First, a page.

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 Posted: Fri Jul 26th, 2019 02:30 pm
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srossi

 

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Kriss wrote: Franchise wrote: Growing up my dad had this bumper sticker in the garage that said “el Salvador today El Paso tomorrow” with the hammer and sickle next to it. Dude was America to the bone but he thought it was silly. It’s interesting how relevant it is in 2019.

Socialism and communism aren't the same thing, and neither are inherently bad. They have both been used by leaders to mistreat the people, like capitalism today.

They're just inherently unfair.  The gulags and executions are just an unfortunate side effect I guess.  Oh well, let's try it again.



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 Posted: Fri Jul 26th, 2019 03:18 pm
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Principal_Raditch



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KGB wrote: Principal_Raditch wrote: Housing will always be out of control on the coasts since you're lacking at least one direction to build in. Toronto faced this problem as you can't build south due to Lake Ontario...so you either build north, or you build up. Here in KC the market has never gone crazy, because there's no impediment to building in any direction. OPen land for miles Toronto's growth is remarkable.  The number of green glass condos going up along the waterfront defies logic, but people continue to move there.  A few years ago, I was up at a sister facility of my company in Mississauga and many of the guys working there were living near St. Catherines, suffering through the daily QEW commute, simply because that's where they could afford a home.  And these guys were making a decent wage.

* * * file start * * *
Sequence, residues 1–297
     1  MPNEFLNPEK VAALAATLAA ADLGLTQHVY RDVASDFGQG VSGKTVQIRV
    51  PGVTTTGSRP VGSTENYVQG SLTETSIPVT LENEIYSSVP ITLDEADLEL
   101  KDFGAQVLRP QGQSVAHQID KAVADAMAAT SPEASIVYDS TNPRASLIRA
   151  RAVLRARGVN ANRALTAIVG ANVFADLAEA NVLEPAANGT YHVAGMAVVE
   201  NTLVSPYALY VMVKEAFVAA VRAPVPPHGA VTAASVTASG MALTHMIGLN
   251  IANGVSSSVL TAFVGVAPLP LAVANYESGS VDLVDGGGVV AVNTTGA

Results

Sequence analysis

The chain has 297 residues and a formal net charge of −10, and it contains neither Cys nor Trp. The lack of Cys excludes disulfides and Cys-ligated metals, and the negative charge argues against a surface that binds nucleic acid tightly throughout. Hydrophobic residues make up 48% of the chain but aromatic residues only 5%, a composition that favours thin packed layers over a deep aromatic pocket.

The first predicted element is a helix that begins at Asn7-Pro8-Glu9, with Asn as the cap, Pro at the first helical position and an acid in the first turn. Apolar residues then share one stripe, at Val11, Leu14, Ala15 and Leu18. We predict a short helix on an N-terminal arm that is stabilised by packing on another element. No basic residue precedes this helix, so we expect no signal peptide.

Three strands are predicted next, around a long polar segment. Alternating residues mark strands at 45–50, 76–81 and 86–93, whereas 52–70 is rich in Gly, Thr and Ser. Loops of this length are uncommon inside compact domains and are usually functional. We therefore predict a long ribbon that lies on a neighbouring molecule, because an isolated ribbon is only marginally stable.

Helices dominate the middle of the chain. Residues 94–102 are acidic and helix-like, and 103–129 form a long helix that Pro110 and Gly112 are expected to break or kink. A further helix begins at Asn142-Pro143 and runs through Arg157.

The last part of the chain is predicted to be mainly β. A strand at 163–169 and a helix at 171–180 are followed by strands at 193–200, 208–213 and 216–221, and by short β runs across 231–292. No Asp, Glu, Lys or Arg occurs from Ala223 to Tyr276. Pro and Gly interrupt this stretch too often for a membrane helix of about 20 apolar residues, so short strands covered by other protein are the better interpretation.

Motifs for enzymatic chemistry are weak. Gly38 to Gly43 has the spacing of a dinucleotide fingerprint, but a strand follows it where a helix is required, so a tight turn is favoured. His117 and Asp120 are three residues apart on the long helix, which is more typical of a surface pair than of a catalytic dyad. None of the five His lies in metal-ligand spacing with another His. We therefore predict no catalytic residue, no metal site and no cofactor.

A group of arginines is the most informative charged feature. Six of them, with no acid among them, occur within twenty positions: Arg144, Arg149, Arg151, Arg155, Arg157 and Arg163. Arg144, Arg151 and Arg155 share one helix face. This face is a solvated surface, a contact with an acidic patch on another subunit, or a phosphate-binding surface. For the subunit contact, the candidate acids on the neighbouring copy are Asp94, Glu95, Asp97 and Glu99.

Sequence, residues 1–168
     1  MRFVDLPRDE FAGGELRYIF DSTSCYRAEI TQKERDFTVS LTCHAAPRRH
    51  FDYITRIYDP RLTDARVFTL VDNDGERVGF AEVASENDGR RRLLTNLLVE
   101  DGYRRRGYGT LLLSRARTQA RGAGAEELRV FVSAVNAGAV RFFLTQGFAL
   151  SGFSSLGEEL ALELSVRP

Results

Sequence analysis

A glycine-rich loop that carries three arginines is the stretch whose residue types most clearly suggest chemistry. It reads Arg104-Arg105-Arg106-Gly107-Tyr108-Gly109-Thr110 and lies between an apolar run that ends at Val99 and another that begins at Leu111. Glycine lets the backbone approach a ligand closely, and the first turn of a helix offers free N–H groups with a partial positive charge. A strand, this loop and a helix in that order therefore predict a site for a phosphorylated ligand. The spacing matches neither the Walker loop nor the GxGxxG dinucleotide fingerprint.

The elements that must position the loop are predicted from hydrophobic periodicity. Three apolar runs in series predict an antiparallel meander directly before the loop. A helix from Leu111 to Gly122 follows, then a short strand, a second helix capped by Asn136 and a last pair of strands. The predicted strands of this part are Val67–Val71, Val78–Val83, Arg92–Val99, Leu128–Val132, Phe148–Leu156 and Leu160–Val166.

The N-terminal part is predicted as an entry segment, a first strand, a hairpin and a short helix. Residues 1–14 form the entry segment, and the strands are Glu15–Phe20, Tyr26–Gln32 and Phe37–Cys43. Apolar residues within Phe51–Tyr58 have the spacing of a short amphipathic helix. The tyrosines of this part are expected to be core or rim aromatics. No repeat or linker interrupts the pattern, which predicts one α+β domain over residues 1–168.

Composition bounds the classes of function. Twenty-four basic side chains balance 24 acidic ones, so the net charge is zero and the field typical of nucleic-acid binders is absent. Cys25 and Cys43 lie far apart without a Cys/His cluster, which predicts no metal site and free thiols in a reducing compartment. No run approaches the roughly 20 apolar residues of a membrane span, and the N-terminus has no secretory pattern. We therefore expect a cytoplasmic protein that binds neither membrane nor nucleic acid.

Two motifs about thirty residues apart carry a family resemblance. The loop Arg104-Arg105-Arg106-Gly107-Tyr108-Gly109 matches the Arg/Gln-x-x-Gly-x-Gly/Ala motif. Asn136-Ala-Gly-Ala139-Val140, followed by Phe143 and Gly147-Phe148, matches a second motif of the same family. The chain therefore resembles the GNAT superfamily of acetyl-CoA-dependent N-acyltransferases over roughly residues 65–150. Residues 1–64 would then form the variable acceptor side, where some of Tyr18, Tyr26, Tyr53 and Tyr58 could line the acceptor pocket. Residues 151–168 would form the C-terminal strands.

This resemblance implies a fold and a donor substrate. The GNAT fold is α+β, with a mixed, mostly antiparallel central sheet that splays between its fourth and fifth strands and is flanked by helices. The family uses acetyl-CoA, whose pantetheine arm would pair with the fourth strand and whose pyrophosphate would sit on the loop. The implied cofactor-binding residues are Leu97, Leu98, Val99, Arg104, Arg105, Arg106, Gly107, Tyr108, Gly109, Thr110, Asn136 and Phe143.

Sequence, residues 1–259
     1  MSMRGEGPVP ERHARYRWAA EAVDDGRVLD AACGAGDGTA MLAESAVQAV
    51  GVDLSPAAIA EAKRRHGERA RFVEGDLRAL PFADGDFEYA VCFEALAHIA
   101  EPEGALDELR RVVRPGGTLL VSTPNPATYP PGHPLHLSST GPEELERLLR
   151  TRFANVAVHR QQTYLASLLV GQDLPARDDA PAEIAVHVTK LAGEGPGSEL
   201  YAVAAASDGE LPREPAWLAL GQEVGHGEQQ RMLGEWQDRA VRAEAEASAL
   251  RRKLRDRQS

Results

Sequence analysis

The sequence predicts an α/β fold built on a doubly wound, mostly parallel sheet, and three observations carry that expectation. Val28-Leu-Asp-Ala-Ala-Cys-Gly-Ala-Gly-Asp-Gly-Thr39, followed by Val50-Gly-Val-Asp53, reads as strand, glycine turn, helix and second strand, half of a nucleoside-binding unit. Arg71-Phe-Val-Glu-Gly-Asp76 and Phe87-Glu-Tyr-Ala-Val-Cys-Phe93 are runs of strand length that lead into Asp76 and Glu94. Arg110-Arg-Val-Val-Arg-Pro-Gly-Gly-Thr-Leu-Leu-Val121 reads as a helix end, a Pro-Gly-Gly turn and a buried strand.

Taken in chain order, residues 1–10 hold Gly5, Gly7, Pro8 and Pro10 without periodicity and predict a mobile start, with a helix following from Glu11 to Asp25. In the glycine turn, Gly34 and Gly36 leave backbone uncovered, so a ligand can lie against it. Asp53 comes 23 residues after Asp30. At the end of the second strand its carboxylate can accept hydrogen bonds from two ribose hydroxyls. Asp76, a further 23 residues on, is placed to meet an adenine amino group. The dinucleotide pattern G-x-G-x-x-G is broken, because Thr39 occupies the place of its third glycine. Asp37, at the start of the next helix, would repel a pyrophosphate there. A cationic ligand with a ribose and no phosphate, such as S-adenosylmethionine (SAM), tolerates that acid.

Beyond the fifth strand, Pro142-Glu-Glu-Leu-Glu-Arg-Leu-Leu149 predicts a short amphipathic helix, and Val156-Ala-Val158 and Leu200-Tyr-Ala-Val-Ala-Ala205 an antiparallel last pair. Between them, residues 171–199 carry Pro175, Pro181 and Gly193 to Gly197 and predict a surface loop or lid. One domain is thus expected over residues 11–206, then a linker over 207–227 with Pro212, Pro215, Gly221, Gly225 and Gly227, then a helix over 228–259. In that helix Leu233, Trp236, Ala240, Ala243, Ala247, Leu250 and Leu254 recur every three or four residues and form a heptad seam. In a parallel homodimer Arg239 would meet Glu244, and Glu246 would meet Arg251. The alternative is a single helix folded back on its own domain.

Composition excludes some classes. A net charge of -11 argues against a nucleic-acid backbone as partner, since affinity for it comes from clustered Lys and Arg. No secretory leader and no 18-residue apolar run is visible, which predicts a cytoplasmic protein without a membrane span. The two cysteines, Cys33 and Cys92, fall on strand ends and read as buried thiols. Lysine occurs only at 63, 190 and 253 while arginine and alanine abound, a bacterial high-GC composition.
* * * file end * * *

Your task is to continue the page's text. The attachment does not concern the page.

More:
Now the average 4 bdr has topped a million, and you can't get a house in the city proper for less than 750k. My two sisters who still live there only have their homes because one inherited a rental property from my father when he died, and they took it over, and the other took over my childhood home. If not, there is no way they'd have been able to afford to stay in the city, and would have both moved out to the burbs or further and spent 2hrs a day in traffic commuting. They find it incredulous that you can still buy starter homes in Kansas City for less than 200k or get 4bdr homes for less than 300k. 

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 Posted: Sat Jul 27th, 2019 04:12 am
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Kansas City sounds a lot like Houston as far as housing. My aunt and uncle from my old neighborhood in California stopped by a few years ago and couldn’t believe the price of housing out here. On the downside though for sale inventory is always very high around here so it’s perpetually a buyers market at least in the 3 years we have been in this house.



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 Posted: Thu Aug 1st, 2019 11:15 pm
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srossi

 

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Kriss wrote: You could buy a house in the 60s or 70s for about 3.5x the average wage, and a man could support a family with a simple job that he wasn't at constant risk of losing. Today you need 8.5x the combined wage of two people to buy a house. The American Dream is over, and many young people aren't supporting the capitalist status quo any more.
Stolen:

In that revered "once upon a time," the average home's square footage was less than half what people expect and demand, today.  In 1950, the average single-family home was 983 square feet.  By 1973, that average had leapt to 1,660 square feet -- and then up to 2,687 square feet by 2015.